"In the name of God

In my opinion, raising such matters in this current phase might lead to a situation that harms the country, its unity, and security. It might have ramifications, such as:

1. Aborting the current political process, as some might freeze their participation or withdraw from it.

2. Aborting the current fragile security situation.

3. Distorting the image of the prime minister concerning the formation of alliances with him because of arrests, as a result of which he will not find any partner in the future.

4. Distorting the entire image of the political process.

5. Turning the government into a one-party government that imposes its hegemony over everybody else.

6. Diverting attention from the people and their concerns at the expense of the repulsive political settlement of accounts.

7. Increasing the isolation of Iraq and its people by its neighbors, particularly Arab neighbors.

8. Imposing hegemony over the Iraqi judiciary and not giving it the chance to achieve justice, if it could be put this way.

9. Forcing some sides to abandon particular demands, such as assuming ministries and regional posts under judicial pressure.

10. Ensuring that the trial (of Al-Hashimi) takes place under the supervision of parliament and the people. Dismissing people from their posts should be legal and should not be carried out by others.

(signed) Muqtada al-Sadr (seal)"

Comment: Sadr apparently judges that al Maliki's mistakes have given him an opening to emerge as the champion of a new Arab government. The key unknown is whether Sadr of al Maliki has the backing of Iran. The best assessment is that the faction that can stabilize Iraq the quickest will have Iranian support. Sadr appears to be mounting a credible challenge.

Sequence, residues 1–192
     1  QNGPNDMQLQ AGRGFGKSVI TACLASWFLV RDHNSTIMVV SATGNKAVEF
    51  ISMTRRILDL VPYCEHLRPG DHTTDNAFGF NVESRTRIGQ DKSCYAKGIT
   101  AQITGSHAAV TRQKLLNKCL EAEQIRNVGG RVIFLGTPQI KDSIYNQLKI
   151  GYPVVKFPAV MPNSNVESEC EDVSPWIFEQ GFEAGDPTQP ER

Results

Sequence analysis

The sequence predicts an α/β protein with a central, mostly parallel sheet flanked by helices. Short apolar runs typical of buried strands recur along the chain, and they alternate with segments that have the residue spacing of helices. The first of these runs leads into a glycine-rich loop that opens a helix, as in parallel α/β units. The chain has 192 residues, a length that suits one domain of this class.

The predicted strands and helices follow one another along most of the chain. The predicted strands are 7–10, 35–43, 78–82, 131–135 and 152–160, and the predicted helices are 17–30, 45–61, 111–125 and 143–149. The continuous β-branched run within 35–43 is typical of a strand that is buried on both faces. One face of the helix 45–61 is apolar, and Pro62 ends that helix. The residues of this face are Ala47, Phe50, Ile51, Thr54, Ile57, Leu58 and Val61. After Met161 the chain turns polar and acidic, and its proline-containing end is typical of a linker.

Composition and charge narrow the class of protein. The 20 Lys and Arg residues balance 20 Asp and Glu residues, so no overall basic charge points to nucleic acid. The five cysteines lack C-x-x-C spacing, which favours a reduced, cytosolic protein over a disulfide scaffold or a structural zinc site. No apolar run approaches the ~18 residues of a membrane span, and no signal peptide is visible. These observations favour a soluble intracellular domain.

Europe:  Updates. In an interview with a French daily on 25 December, International Monetary Fund (IMF) Managing Director Christine Lagarde stressed that Europe's financial crisis is turning into "a crisis of confidence in public debt and the solidity of the financial system."

Greece: According to an IMF source involved in discussions with Greece, the situation in Athens is "deteriorating" and "a further 10-15 billion euros ($13.1-19.6 billion) still needs to be found." Banks may be asked to agree to write off 65 % instead of 50% of Greece's debt.

France: The French National Institute for Statistics and Economic Studies (INSEE) said on 26 December that there were 29,000 new job seekers "without any occupation" in November, up 1.1% over October. The year-on-year increase reached 5.2%. In total, 2,844,800 people did not have any occupation, the highest such figure since November 1999.

An economist at the French Observatory of Economic Conditions speculated that France's unemployment rate -- which currently stands at 9.3% -- will reach 10.7% by the end of 2012, and predicted that Paris will not succeed in bringing the deficit down to 3% of GDP by 2013.

Spain: At a news conference on 26 December, Spanish Economy Minister Luis De Guindos said that the Spanish economy had suffered a "relapse" and would record negative growth in the fourth quarter of 2011. De Guindos warned that "the next two months are not going to be easy, neither from a growth nor a jobs point of view."

Comment: According to the Financial Times and multiple economists the fate of the euro depends on what happens in Italy. This week Italy intends to auction bonds worth Euros 20 billion. The market reaction to the auction will be an important indicator of whether the central bankers have found a way to stabilize the financial crisis, or have just made it worse.

All analysts of European economics predict a recession in 2012. They differ only about how severe it will be. In an integrated global economy, the ripple effects from Europe will drag the US and the Chinese economies, among all others.

End of NightWatch for 27 December.